Investigators at Children’s Memorial Hospital/Northwestern University School of Medicine Epilepsy Center, Chicago, and Kangbuk Samsung Hospital, Seoul, Korea examined the relationship of cognitive proficiency (CP) to general intellectual ability (GA) and seizure focus by retrospective chart review of 90 children (aged 6-18 years) with epilepsy, video-EEG recording, MRI, and neuropsychological testing (WISC-IV). Cognitive Proficiency Index (CPI) scores based on the WISC-IV Working Memory (WM) and Processing Speed (PS) indices were significantly lower than the General Ability Index (GAI) scores, comprising the WISC-IV Verbal Comprehension (VC) and Perceptual Reasoning (PR) indices. GAI>CPI differences were significantly greater in the right than left lateralized seizure group and also greater for the frontal than temporal group. CP was selectively compromised in those with seizures lateralized to the right hemisphere or localized to the frontal lobe. Right lateralization and frontal localization independently impact CP. GAI>CPI differences were significantly greater in the right-lateralized group than the generalized group and in the frontal-localized group than the generalized group. Deficits in CP are a defining neurocognitive characteristic of pediatric epilepsy in individuals with both focal and generalized onset, but especially when seizures originate from a primary epileptogenic focus within the right hemisphere or the frontal lobe. [1]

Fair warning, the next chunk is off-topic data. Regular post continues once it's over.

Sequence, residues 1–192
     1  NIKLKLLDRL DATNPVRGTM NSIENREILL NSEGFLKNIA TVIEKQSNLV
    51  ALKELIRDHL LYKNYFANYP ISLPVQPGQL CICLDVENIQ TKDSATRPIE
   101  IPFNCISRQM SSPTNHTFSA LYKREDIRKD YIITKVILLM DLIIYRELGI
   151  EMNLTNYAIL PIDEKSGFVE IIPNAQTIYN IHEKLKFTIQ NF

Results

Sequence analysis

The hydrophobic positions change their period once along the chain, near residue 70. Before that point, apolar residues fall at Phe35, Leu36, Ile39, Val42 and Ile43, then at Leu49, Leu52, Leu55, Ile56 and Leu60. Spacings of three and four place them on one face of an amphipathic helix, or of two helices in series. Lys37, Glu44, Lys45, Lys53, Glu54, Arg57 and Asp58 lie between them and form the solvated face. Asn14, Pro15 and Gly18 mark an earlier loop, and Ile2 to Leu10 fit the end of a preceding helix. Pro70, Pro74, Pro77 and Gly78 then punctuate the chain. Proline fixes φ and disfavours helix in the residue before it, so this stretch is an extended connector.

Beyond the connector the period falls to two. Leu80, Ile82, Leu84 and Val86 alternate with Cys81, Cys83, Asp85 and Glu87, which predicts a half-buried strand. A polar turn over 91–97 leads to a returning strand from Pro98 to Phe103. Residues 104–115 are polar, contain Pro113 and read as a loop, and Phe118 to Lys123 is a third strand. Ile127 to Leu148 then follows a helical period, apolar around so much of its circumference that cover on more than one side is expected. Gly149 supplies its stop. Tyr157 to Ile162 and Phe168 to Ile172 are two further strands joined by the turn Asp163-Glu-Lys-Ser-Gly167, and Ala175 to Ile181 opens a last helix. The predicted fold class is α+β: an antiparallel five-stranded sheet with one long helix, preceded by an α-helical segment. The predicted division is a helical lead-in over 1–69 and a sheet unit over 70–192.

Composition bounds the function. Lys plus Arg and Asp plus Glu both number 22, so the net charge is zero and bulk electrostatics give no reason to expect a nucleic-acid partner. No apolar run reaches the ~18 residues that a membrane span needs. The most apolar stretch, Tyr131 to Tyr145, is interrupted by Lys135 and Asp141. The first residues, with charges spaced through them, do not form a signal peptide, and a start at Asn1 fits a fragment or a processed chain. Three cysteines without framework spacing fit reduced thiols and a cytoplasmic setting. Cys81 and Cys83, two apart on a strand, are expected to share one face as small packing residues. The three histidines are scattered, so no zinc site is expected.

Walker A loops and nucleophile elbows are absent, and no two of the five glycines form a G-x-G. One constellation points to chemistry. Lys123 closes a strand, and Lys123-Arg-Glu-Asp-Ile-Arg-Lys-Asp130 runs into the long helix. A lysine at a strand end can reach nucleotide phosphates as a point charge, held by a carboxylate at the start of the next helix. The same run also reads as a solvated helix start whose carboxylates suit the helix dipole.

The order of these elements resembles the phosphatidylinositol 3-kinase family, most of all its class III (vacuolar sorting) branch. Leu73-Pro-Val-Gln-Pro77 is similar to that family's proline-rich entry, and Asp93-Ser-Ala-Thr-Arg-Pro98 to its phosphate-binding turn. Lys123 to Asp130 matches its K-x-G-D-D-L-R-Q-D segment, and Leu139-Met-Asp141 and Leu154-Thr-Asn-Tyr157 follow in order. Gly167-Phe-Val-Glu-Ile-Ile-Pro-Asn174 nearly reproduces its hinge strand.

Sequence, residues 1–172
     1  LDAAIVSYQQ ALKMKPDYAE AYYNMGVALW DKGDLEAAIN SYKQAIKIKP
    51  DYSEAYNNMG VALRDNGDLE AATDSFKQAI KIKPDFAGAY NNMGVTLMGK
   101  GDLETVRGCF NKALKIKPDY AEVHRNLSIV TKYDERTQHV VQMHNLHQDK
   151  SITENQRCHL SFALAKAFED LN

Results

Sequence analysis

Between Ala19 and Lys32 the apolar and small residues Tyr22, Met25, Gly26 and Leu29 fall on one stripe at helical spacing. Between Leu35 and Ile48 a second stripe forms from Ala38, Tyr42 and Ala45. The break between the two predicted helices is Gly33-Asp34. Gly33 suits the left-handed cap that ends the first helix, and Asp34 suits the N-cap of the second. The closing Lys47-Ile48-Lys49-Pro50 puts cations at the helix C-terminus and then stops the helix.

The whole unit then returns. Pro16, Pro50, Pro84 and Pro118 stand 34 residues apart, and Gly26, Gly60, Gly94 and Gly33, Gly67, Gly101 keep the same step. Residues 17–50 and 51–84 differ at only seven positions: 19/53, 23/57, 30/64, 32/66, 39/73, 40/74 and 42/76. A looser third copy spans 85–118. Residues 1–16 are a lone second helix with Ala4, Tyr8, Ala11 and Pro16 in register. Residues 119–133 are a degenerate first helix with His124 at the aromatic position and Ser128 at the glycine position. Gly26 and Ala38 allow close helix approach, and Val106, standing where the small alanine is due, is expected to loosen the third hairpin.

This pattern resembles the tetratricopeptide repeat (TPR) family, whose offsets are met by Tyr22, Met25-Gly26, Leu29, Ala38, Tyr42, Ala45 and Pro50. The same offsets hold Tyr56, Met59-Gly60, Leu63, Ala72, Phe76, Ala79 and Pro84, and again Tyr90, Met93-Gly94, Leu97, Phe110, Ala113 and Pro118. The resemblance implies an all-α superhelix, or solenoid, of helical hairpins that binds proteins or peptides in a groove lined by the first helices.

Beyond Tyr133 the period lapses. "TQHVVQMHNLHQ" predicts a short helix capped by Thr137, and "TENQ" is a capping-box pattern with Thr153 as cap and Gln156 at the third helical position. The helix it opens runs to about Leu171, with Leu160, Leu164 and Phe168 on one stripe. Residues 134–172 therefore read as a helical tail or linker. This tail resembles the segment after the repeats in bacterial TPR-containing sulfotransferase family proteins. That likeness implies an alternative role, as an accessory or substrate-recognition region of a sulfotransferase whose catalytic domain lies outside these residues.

COMMENT. Children with epilepsy lateralized to the right hemisphere or localized to the right frontal lobe are at increased risk of cognitive deficits involving working memory and processing speed. Working memory maintains short-term information, and processing speed determines the amount of information that can be used and accommodated in working memory. Cognitive proficiency contributes to cognitive aptitude in learning and problem solving. A general availability of psychological services should add to the proficiency of epilepsy management in the clinic.